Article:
President Trump knows the mess that is the health insurance plan on Von Ryan’s Express. President Trump knows it is a mess because he is listening to the critics of the plan – critics who supported him during his election bid. Still President Trump, like a good businessman, is going forward with the Ryan express package to see how it plays out. It’s an opening bid.

Recall, how the Von Ryan Express Train tracks. It is a three phase plan. Phase I is to pass the current health insurance bill via the “Reconciliation” process. Using “reconciliation” to overcome the artificial 60 vote majority necessary to pass a bill through the Senate means that supposedly only matters of a strict budgetary nature get to be in the bill.

Phase II, is one we will discuss later.

Phase III, is the mirage that at some point the Obama Dimocrats will agree to provide the 60 vote majority necessary to pass all the really good stuff in health care reform, such as tort reform and the ability for Americans to buy insurance across state lines thereby bringing competition into the reform process.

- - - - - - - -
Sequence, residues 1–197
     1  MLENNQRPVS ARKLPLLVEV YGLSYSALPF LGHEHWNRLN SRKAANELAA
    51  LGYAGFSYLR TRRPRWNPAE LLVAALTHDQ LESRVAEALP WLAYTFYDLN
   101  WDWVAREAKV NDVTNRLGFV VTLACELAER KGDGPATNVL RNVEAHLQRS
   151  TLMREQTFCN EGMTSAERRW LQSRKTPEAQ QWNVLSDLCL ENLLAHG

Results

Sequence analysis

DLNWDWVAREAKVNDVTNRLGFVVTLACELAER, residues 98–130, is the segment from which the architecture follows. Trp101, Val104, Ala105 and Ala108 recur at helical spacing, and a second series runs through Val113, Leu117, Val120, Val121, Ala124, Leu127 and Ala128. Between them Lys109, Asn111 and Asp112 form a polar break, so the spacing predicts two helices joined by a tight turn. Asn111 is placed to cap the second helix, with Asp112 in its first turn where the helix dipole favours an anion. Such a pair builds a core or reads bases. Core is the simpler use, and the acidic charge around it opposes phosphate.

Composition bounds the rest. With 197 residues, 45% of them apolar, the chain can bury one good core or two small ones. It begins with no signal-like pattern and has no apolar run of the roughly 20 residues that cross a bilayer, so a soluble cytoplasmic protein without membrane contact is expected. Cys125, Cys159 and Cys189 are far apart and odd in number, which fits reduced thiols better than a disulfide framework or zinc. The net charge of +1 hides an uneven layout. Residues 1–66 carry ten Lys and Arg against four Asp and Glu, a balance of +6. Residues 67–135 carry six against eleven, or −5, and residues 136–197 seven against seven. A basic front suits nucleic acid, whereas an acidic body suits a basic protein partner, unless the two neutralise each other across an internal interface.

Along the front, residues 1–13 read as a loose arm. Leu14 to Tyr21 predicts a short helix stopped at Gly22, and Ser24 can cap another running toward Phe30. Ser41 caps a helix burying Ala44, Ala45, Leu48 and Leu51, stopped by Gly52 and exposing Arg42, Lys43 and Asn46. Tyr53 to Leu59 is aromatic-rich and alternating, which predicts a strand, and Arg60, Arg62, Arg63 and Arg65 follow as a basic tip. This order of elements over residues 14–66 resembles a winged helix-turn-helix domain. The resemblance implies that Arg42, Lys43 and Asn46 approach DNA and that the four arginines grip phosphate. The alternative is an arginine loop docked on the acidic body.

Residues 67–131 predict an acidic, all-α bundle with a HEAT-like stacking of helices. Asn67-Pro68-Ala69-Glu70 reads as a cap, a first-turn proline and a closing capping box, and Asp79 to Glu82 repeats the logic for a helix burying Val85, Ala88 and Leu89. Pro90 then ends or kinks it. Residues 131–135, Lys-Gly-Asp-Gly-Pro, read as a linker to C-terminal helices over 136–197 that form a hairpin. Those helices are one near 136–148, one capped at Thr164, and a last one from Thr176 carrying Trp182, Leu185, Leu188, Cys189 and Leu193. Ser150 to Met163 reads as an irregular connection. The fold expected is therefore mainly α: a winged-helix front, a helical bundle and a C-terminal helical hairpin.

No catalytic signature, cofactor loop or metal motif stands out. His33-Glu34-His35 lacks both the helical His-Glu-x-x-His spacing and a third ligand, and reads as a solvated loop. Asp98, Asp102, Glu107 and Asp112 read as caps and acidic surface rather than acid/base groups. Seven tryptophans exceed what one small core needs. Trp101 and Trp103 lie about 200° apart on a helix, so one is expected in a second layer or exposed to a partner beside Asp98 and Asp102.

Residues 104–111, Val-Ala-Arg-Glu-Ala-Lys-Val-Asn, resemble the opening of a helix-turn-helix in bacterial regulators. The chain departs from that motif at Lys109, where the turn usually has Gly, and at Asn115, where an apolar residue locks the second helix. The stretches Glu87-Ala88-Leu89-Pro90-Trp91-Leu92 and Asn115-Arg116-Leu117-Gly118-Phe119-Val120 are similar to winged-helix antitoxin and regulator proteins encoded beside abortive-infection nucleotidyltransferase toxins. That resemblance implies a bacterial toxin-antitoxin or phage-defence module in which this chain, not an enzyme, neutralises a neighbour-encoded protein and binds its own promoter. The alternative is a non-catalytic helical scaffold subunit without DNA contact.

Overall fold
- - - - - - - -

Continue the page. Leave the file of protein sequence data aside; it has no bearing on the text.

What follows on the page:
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Before we return to “what the Hell is President Trump up to?” let’s deal in this section of our analysis with the dull policy stuff. Hey, it’s only life and death, not the fun stuff we like in politics. But the policy stuff does matter. If you get bored with policy, just skip this section.

What’s the problem with the Von Ryan Express plan? First and foremost, the author. Paul Ryan. Let’s all agree that Paul Ryan is a male Nancy Pelousy. That’s unfair. Paul Ryan is smart and Paul Ryan is kinda cute unlike Nancy Pelousy. But like Nancy Pelousy, Paul Ryan could not sell lemonade in August heat, shovels in winter pre-snow storm, nor life insurance on board the Titanic in it’s last hours. Indeed the more Paul Ryan talks, the more likely the Paul Ryan train goes off the tracks.